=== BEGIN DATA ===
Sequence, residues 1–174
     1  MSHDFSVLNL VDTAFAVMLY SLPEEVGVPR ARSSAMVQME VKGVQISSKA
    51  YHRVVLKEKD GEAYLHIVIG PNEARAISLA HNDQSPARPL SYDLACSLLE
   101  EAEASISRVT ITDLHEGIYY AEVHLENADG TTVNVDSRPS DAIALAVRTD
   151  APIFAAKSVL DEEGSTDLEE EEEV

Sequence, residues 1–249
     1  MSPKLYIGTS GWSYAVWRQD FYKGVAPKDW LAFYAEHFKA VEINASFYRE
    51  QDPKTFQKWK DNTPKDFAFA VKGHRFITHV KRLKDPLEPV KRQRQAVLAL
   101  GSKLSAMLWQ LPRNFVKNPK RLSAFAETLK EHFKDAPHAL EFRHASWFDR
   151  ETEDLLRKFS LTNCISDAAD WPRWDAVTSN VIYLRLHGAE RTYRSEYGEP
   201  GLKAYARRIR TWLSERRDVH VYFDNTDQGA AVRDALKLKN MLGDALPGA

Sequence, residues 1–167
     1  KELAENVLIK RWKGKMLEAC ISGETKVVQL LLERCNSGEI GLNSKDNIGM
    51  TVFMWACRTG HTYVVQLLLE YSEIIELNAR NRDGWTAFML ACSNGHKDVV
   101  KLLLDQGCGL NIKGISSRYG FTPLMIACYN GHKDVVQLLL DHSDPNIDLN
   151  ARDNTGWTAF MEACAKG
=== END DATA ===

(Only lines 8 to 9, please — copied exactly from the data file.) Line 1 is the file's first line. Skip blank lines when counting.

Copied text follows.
    51  QDPKTFQKWK DNTPKDFAFA VKGHRFITHV KRLKDPLEPV KRQRQAVLAL
   101  GSKLSAMLWQ LPRNFVKNPK RLSAFAETLK EHFKDAPHAL EFRHASWFDR